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Friday, Feb. 13, 2004


Metropolitan Opera GM to retire

NEW YORK (AP) After more than four decades with the Metropolitan Opera, Joseph Volpe said he would retire as general manager in 2006.

"After being in the Met 40 years and this position 14 and understanding this job is an all-consuming one, it just felt the time had come to consider retirement and other things I'd like to do," Volpe said Monday.

Volpe, 64, joined the Met as a carpenter. He has been general manager since the 1990-1991 season.

During his tenure, he has developed lucrative relationships with wealthy patrons and introduced consumer-friendly services, such as electronic subtitles on the back of the opera's seats in 1995.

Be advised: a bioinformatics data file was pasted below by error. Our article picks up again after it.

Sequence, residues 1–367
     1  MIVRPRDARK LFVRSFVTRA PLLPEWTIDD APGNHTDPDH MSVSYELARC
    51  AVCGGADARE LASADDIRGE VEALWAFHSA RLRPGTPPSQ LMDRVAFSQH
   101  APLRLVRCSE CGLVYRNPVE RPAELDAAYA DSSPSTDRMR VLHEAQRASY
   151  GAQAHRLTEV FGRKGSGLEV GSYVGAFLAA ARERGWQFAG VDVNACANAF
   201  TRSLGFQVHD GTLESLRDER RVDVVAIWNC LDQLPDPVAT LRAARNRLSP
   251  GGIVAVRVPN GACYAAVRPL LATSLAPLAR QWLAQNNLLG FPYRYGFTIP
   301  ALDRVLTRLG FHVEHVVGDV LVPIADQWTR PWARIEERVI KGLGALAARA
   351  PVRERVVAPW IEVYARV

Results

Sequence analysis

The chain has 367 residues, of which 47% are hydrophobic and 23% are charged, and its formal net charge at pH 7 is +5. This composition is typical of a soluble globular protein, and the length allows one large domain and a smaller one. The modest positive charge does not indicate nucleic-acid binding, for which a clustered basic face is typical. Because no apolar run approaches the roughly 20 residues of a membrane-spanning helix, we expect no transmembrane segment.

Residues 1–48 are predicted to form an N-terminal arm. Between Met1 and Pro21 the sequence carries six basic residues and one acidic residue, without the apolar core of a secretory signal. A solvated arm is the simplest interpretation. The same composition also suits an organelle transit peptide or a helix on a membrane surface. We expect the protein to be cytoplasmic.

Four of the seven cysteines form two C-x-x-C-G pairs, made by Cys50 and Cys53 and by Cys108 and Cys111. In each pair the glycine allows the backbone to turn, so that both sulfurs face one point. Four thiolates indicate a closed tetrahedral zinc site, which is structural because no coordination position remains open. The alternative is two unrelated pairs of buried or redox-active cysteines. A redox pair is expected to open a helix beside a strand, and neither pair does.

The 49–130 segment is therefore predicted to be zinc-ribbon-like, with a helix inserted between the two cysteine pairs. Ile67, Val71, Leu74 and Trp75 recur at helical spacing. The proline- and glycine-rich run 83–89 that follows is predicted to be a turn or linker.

Volpe is known for his direct, take-charge approach to managing opera, where egos often run high. Most famously, he fired soprano Kathleen Battle in 1994, accusing her of "unprofessional actions."

In 2002, he publicly chastised Luciano Pavarotti for canceling a performance of "Tosca." From the stage, Volpe informed the audience that he told Pavarotti, "this is a hell of a way to end this beautiful career of yours."

Yet he made peace with Pavarotti, who is scheduled to return to the Met for three performances next month.

The chief difficulties now facing the Met include overcoming two consecutive years of deficits following the Sept. 11, 2001, attack in New York City and finding a sponsor to replace the ChevronTexaco Corp., which is ending its sponsorship of the Met's Saturday afternoon radio broadcasts following the current season.

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